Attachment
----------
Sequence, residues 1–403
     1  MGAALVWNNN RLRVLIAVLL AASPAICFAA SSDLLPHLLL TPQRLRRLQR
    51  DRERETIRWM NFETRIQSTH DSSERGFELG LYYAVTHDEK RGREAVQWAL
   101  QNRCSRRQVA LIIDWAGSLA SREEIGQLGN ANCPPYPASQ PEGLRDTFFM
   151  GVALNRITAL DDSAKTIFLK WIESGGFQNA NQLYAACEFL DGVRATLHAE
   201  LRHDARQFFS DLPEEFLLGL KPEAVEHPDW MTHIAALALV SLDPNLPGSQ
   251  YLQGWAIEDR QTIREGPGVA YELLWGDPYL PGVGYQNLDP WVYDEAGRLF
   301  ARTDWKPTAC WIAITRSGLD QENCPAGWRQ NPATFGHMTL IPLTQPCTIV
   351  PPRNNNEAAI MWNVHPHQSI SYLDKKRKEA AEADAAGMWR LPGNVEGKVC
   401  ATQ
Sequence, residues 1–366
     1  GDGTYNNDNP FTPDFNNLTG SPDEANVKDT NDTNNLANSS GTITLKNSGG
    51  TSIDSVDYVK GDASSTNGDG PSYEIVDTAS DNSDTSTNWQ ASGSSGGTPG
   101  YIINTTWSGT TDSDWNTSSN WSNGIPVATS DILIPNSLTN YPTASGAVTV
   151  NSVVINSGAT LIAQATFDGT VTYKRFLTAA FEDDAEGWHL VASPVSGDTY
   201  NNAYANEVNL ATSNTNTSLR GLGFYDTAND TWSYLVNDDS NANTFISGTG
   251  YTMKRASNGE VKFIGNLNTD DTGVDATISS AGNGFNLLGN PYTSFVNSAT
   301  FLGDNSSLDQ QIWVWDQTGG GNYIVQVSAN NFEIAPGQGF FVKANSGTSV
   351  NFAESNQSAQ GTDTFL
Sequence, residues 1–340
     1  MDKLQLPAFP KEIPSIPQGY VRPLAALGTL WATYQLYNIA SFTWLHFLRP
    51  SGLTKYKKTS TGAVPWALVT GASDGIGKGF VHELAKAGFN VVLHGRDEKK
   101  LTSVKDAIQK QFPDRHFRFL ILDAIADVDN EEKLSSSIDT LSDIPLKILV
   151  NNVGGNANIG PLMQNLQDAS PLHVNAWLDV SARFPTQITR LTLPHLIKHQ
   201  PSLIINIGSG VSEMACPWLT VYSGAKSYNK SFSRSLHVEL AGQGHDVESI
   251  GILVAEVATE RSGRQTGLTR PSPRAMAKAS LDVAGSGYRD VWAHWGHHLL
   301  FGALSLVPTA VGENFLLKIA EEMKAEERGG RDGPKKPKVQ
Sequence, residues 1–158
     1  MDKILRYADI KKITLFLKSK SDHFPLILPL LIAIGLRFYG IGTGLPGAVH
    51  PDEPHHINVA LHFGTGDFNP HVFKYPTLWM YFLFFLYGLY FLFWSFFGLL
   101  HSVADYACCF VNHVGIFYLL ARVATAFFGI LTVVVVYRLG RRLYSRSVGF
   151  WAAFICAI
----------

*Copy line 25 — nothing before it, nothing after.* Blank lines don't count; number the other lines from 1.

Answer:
   201  PSLIINIGSG VSEMACPWLT VYSGAKSYNK SFSRSLHVEL AGQGHDVESI